2. Dohmen, Thomas & Kriechel, Ben & Pfann, Gerard A., 2003. "Monkey Bars and Ladders: The Importance of Lateral and Vertical Job Mobility in Internal Labor Market Careers," IZA Discussion Papers 867, Institute for the Study of Labor (IZA).
  3. Koen Caminada & Kees Goudswaard, 2008. "Revenue Effects of Tax Facilities for Pension Savings," Atlantic Economic Journal, International Atlantic Economic Society, vol. 36(2), pages 233-246, June.
  4. Anders Frederiksen & Bo E. Honoré & Luojia Hu, 2006. "Discrete Time Duration Models with Group-level Heterogeneity," Discussion Papers 05-008, Stanford Institute for Economic Policy Research.
  5. Costas Meghir & Luigi Pistaferri, 2001. "Income variance dynamics and heterogenity," IFS Working Papers W01/07, Institute for Fiscal Studies.
  6. Robert Gibbons & Michael Waldman, 2006. "Enriching a Theory of Wage and Promotion Dynamics inside Firms," Journal of Labor Economics, University of Chicago Press, vol. 24(1), pages 59-108, January.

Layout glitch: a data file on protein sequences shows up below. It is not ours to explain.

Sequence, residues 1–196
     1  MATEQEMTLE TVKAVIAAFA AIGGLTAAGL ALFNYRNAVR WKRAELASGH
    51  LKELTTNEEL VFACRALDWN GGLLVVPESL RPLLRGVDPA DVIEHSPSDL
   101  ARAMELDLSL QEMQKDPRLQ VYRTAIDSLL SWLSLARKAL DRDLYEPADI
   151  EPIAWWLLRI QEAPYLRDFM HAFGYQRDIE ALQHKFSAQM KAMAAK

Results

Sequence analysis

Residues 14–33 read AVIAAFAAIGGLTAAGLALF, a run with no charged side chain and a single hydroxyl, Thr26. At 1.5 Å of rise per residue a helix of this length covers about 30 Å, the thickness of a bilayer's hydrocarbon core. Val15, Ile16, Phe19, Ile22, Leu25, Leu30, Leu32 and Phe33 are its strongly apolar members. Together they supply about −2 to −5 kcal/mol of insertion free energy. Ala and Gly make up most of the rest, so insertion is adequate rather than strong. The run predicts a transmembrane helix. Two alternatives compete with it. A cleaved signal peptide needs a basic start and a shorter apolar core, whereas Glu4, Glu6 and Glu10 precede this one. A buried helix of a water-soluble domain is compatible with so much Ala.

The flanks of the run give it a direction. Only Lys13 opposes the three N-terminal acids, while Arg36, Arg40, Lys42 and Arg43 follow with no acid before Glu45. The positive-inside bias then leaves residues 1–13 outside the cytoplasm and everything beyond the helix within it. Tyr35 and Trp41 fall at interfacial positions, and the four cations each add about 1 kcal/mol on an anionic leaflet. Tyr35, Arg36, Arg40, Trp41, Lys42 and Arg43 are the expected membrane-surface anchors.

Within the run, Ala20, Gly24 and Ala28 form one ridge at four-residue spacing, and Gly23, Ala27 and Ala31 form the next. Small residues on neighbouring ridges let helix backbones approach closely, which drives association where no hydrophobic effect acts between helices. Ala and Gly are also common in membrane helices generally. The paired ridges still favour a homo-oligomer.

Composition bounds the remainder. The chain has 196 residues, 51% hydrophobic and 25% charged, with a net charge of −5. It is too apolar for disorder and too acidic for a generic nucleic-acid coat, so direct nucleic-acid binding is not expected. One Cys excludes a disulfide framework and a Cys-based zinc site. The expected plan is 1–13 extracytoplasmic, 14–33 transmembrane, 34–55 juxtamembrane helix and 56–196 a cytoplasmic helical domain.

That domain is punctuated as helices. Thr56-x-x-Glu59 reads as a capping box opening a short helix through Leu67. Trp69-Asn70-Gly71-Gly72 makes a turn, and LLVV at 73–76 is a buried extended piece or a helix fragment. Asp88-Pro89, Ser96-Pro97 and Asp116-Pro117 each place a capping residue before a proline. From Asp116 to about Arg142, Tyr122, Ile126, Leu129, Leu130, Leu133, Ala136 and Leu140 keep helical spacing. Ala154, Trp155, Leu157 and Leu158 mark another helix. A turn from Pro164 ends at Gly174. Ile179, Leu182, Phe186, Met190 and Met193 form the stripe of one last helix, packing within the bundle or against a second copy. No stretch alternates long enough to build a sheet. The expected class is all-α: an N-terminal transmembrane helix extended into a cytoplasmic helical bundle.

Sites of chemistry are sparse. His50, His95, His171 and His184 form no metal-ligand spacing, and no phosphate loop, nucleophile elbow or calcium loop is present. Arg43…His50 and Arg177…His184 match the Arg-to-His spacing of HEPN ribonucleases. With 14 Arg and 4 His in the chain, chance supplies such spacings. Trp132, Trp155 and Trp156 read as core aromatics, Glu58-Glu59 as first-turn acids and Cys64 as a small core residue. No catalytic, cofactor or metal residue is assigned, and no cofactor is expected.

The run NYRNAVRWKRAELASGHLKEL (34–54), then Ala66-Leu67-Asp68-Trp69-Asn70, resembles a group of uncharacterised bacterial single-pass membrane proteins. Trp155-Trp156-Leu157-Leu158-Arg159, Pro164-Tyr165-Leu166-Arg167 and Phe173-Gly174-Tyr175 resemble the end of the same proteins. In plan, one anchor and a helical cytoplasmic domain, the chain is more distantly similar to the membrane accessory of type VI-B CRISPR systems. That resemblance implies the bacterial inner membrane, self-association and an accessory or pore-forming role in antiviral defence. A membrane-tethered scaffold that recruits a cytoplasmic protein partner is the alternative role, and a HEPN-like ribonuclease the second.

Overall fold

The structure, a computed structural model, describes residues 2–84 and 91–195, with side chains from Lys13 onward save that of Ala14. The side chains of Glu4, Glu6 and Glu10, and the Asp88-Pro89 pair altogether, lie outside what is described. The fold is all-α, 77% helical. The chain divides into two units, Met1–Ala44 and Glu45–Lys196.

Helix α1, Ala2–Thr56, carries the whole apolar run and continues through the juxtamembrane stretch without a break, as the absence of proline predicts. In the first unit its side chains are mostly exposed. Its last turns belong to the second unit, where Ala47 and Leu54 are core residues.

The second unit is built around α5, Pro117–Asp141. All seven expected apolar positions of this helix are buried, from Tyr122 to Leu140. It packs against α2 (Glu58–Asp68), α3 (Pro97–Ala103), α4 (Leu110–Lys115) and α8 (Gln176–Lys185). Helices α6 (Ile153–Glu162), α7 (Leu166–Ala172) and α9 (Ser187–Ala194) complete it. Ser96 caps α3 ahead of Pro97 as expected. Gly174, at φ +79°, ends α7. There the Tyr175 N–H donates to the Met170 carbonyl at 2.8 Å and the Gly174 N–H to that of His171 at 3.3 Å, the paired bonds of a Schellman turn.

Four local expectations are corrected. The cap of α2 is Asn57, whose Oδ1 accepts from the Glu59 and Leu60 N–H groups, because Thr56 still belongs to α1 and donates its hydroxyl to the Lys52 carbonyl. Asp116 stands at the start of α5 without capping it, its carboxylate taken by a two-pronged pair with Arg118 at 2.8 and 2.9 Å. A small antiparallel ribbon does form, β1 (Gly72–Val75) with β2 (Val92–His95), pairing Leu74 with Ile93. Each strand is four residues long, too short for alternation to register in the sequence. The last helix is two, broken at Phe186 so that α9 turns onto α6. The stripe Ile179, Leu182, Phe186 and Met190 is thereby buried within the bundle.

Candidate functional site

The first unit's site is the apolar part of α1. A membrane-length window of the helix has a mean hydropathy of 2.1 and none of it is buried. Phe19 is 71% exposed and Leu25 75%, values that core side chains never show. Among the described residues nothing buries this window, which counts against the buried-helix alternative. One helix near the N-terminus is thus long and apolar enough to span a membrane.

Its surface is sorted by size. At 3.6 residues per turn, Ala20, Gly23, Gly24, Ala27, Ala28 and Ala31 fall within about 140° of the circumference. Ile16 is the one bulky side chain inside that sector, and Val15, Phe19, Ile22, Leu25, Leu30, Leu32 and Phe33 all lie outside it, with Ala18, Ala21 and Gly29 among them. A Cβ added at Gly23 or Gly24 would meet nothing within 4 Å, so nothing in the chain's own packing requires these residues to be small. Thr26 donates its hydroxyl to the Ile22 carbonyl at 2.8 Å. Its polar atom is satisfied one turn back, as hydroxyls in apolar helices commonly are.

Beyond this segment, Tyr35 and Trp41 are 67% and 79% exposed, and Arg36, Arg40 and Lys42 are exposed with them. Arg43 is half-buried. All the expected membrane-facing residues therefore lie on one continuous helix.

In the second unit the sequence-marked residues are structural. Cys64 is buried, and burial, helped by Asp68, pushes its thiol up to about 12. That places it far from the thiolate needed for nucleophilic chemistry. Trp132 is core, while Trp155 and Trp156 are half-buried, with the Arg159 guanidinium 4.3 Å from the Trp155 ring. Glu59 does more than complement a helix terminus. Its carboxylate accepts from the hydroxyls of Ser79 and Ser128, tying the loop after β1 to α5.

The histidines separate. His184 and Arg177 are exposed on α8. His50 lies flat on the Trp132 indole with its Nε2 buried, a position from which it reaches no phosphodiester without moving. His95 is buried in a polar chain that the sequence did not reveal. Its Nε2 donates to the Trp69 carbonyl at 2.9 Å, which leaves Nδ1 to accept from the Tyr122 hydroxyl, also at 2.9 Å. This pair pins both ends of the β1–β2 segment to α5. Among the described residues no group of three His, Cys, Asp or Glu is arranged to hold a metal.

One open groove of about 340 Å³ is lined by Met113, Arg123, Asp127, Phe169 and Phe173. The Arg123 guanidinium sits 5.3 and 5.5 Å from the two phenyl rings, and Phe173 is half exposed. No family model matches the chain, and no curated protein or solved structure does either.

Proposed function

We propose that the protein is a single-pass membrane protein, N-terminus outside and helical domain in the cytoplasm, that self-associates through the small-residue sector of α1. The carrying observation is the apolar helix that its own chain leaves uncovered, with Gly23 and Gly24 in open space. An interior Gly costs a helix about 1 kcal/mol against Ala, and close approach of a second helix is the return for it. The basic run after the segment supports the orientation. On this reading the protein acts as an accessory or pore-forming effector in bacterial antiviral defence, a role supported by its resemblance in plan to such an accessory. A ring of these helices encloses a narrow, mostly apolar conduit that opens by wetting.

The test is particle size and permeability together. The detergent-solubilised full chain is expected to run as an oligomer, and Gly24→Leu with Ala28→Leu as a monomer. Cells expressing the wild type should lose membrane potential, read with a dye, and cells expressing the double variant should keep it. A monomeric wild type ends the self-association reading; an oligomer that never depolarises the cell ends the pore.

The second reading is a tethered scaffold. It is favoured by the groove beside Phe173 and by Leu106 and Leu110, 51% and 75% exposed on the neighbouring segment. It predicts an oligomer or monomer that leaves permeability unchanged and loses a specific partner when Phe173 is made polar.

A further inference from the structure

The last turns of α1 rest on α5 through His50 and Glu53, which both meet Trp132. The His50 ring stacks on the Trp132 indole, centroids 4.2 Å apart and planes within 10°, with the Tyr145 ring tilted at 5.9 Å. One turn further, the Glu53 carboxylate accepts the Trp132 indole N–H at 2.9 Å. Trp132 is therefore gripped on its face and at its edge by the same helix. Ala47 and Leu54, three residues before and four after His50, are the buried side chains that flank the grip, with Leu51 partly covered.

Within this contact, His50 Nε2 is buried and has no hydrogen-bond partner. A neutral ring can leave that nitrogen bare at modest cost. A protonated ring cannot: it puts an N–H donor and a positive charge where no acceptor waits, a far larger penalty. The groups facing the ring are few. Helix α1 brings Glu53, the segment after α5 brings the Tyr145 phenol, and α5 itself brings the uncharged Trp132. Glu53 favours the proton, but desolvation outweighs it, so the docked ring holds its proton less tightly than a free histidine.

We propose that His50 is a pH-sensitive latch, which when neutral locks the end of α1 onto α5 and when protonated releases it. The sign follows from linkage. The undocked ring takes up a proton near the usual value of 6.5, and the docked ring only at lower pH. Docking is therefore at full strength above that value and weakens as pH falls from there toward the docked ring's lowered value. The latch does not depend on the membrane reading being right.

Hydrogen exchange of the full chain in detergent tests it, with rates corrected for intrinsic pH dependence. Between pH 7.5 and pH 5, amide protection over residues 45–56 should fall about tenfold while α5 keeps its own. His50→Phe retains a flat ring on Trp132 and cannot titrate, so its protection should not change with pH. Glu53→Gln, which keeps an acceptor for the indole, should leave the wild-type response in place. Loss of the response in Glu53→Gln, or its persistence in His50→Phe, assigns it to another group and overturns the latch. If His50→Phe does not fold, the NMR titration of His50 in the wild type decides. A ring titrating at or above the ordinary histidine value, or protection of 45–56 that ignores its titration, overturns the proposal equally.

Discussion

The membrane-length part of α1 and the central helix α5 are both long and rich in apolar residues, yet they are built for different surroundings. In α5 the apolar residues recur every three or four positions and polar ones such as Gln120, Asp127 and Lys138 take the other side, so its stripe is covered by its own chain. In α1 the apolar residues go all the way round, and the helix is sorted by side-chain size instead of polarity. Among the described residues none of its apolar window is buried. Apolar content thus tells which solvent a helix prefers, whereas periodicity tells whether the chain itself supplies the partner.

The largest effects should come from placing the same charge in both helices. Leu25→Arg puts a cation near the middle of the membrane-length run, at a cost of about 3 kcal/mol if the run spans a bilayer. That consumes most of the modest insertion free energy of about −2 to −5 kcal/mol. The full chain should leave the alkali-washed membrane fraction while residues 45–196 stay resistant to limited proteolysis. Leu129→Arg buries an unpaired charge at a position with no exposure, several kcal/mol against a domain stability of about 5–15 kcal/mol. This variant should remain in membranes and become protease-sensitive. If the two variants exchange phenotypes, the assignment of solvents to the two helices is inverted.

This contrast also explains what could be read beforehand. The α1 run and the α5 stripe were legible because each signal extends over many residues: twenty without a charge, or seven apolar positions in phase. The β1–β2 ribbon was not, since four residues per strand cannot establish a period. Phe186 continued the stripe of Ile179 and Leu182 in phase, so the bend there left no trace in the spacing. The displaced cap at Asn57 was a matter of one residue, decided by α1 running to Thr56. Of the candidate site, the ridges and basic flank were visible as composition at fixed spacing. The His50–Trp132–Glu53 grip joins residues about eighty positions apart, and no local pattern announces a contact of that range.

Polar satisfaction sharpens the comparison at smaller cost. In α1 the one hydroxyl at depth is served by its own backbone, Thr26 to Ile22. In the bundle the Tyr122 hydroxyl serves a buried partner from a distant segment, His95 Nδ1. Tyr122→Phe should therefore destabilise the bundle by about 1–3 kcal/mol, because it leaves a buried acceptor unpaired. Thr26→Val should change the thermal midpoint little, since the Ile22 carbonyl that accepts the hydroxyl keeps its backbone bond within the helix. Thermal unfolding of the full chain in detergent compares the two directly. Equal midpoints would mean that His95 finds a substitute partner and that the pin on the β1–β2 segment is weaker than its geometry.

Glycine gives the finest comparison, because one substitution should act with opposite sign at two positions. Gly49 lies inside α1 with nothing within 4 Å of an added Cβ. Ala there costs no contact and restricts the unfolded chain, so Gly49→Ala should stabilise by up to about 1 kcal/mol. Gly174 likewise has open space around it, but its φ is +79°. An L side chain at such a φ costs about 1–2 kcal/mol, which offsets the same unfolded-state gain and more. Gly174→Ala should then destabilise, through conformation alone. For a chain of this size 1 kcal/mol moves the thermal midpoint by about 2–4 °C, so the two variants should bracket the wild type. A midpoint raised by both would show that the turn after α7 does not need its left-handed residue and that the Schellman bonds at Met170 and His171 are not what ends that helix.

7. Robert Gibbons & Michael Waldman, 1999. "A Theory of Wage and Promotion Dynamics Inside Firms," The Quarterly Journal of Economics, Oxford University Press, vol. 114(4), pages 1321-1358.
  8. Tor Eriksson & Niels Westergaard-Nielsen, 2007. "Wage and Labor Mobility in Denmark, 1980-2000," NBER Working Papers 13064, National Bureau of Economic Research, Inc.
  9. Michael Gibbs & Wallace Hendricks, 2004. "Do formal salary systems really matter?," Industrial and Labor Relations Review, ILR Review, Cornell University, ILR School, vol. 58(1), pages 71-93, October.
  10. Christian Belzil & Michael Bognanno, 2008. "Promotions, Demotions, Halo Effects, and the Earnings Dynamics of American Executives," Journal of Labor Economics, University of Chicago Press, vol. 26(2), pages 287-310, 04.